Classification 1-4 Semifinal — Budapest


In a match that Italy controlled from the start, it reaffirmed its quarter-final result against Hungary, by taking the lead after three minutes and only twice allowing Greece to level — at four, three minutes from halftime and at six, three minutes into the third period. Only two goals were conceded in that period before Italy turned up the heat with two early strikes for 9-6, that ensure the match was definitely in Italy’s favour. Greece battled to stay in with a chance at 9-8 and 10-9 down before Francesco di Fulvio made it 11-9 at 0:59. Konstantinos Genidounias, Alexandros Papanastasiou and Angelos Vlachopoulos all peppered the Italian goal with no success and then, with the match virtually finished and the players starting to congratulate each other, the clock stopped at four seconds and bedlam occurred. The upshot was that Vincenzo Dolce was slapped with a penalty foul — after a VAR review — and then was ordered from the pool to be replaced. Up swam Vlachopoulos to convert the five-metre shot for 11-10. It was not over then. Italy just had to retain possession for four seconds and then the unbelievable happened as the restarting Italian threw the ball back over his goal line, giving Greece three seconds to shoot. The ball speared across the pitch and failed to connect with a Greek hand and the match was “safely” in Italy’s possession. An interesting aside — There was a double-double at five minutes in the second quarter where two players for each side were excluded one after the other, leaving just 10 players in the pool.

Match heroes
Marco del Lungo (pictured) made 14 saves to be Italy’s hero and the star of the match. Several times he blocked close one-on-ones to deny what could have been a different scenario. Dolce netted three for Italy, the same number as Vlachopoulos who scored the second and third Greek goals, including a chancy eight-metre shot.

Turning point
Italy coming from 6-6 to 9-6 in the space of four minutes straddling the final break.

Stats don’t lie
The pressure of the extra-man plays showed, Italy converting five from 14 and Greece six from 16. But the best statistic was del Lungo’s effort, which was nine more than the Greek goalie. Yes, Greece shot more — 31-28 — but it was not enough.

Bottom line
Italy has been building all tournament and is reaching its peak. To survive Hungary two nights ago and survive again tonight, shows what it is made of. Now all it needs is one more win and the Italian trophy cabinet could have five world crowns to go alongside the two silvers and two bronzes. Greece was seventh in Gwangju 2019, so anything on Sunday is a vast improvement at this level, but more than a heartbeat away from its silver medal-performance at Tokyo 2020.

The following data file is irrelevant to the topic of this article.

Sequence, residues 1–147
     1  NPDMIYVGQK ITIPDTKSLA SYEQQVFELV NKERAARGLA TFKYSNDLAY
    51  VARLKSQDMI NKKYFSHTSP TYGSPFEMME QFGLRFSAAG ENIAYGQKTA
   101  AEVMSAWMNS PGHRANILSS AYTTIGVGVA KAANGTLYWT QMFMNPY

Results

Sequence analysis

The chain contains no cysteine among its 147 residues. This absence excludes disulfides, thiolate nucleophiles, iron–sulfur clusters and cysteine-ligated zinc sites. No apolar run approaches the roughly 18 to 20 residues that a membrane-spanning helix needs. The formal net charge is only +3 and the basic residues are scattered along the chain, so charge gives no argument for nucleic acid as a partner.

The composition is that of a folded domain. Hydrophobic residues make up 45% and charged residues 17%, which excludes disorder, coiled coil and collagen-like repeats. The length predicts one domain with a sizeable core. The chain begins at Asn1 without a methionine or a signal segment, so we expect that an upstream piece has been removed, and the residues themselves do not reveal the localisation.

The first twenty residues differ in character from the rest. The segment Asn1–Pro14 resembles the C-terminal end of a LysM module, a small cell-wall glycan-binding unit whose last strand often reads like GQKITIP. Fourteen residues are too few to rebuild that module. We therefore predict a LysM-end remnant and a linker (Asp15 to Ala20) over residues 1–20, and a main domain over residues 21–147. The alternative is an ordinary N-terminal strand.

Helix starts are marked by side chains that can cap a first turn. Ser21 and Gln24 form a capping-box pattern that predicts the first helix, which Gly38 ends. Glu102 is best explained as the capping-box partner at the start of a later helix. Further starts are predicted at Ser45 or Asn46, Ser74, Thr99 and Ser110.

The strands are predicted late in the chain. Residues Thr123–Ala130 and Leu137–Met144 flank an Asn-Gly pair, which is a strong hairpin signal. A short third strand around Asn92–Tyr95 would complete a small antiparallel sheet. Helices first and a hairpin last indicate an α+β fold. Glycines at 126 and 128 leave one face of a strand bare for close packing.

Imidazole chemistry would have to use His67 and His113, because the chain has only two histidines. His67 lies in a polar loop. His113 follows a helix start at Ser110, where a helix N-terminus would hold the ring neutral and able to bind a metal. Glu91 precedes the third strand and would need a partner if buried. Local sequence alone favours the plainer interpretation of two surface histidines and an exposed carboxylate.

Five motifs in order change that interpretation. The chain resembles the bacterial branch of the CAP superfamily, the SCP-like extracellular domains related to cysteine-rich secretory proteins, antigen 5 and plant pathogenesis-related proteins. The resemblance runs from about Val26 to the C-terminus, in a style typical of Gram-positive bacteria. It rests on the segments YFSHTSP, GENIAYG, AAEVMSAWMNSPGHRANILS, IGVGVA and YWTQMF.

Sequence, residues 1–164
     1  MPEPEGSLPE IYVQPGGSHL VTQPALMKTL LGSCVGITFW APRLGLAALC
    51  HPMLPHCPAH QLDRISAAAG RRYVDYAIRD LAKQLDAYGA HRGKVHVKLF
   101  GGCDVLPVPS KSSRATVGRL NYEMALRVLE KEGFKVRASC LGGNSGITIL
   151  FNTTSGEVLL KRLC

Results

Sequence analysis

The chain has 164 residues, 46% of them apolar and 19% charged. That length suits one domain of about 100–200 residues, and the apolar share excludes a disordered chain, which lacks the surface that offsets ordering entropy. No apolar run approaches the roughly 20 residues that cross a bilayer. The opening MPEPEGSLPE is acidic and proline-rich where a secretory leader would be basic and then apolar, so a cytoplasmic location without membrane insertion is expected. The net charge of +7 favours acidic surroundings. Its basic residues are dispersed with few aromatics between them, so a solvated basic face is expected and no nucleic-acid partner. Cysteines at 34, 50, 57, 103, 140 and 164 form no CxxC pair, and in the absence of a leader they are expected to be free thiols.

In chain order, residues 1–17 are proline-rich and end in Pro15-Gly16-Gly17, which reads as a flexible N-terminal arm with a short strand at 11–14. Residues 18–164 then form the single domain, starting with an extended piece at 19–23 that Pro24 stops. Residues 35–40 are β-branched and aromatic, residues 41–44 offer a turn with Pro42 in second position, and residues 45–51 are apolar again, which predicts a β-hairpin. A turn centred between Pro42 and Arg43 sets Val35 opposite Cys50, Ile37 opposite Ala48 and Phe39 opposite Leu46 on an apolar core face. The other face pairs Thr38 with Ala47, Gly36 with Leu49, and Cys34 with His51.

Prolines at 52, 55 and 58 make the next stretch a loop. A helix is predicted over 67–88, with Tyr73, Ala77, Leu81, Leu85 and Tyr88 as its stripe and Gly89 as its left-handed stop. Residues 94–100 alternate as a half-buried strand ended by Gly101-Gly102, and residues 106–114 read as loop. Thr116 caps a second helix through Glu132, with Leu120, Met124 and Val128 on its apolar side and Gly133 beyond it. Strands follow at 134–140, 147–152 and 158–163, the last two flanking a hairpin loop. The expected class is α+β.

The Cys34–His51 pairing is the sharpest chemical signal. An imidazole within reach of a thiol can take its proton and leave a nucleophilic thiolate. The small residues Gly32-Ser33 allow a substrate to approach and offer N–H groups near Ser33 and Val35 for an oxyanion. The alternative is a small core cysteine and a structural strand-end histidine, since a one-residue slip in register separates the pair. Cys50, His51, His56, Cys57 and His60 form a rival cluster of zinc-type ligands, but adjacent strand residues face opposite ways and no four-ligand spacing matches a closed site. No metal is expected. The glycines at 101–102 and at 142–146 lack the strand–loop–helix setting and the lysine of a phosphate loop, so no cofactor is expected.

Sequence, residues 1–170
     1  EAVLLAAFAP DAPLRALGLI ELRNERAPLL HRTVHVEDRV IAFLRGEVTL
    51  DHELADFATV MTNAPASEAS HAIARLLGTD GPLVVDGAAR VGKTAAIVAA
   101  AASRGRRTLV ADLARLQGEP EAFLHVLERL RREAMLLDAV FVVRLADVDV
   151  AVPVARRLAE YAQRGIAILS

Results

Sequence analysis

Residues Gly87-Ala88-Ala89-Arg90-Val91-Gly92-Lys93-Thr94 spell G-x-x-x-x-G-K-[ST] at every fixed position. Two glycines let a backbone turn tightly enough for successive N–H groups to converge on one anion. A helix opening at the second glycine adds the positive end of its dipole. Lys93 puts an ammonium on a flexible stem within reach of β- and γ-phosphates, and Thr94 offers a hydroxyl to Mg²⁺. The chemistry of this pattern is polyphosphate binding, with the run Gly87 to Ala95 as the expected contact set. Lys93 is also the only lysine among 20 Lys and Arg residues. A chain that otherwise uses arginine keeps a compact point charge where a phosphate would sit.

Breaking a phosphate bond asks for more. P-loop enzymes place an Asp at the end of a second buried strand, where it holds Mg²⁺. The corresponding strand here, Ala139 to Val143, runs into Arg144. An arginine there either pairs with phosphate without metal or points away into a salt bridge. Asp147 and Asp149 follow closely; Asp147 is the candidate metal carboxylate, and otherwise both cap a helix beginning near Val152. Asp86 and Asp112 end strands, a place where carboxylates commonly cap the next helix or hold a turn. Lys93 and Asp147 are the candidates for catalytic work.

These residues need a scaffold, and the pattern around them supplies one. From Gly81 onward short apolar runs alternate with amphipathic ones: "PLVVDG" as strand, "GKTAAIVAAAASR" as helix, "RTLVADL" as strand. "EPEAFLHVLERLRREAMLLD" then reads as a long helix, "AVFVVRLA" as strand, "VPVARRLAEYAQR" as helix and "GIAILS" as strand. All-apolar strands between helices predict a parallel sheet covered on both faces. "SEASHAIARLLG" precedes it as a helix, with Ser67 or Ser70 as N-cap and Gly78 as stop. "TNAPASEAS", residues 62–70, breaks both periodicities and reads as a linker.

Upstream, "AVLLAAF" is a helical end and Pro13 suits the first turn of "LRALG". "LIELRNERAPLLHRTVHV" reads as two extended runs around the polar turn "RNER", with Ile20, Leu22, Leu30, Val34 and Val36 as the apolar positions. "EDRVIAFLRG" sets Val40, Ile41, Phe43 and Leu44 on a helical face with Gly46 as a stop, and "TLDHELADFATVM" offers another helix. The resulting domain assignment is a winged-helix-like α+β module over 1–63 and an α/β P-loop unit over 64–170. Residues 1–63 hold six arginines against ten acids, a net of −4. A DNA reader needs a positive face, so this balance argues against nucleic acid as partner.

What they said


Classification 5-8 Semifinal — Budapest


Serbia may have not made the top four, but it certainly wants to return home with at least fifth place and this it could achieve on Sunday. Serbia started from in front and allowed Montenegro to go 3-2 midway through the second quarter before closing the half at 5-4 after the match had been tied at one, two, three and four. Serbia went 6-4, 7-5 and 8-6 ahead in the third period. This became 9-6 and eventually 10-7. The power shooting by both teams was impressive as was the goalkeeping, especially from Montenegro’s Petar Tesanovic who blocked 11 balls. It was a clinical match by two teams at the leading edge of world water polo.

Match heroes
Nicola Jaksic (SRB) claimed player-of-the-match honours with his three booming goals, included a second-quarter six-metre shot on extra-man attack. He scored in each of the first three periods.

Turning point
Radomir Drasovic’s 5-4 goal with eight seconds left on the first-half clock, giving Serbia the psychological advantage and was backed up by Nemanja Vico’s extra-man goal on the right post two minutes into the third quarter.

Stats don’t Lie
Montenegro had the better of the extra-man attacks, converting six from eight while Serbia drilled five from 10. Serbia’s shooting efficiency was 37 per cent, better than Montenegro’s 28 per cent. Serbia stole the ball 12 times to Montenegro’s six.

Bottom line
Serbia is the reigning Olympic champion despite losing seven of its superstars to retirement following Tokyo 2020 and showed that the new team is angling well for Paris 2024. Montenegro is almost on a par.

What they said
Dejan Savic (SRB) — Head Coach
“The game was not so good; I am not satisfied right now. The team getting up a little bit earlier from the quarter-finals shock, became the winner. All positions are important; it matters if you are fifth, sixth or eighth. We will focus on reaching that. We have to change something, but this is also a good opportunity to learn.”
Nikola Jaksic (SRB) — Three Goals
“During the quarter-final against Croatia we conceded 14 goals; we managed to get that halved now; that is a big difference when you always score 10 goals. This game showed what Serbia could play in defence. I think if we had been able to play like this against Croatia, the result would have been different. I can’t say anything else now; we want to win the last game and then start our preparations for the European Championship.”
Vladimir Gojkovic (MNE) — Head Coach
“Congratulations to Serbia, they deserved this victory. We tried to play hard in this game, but didn’t have enough energy after the previous matches. We were slow in one-on-one situations and Serbia was better now. We are looking forward to the next game because for my young squad it is always a good opportunity to play against great teams.”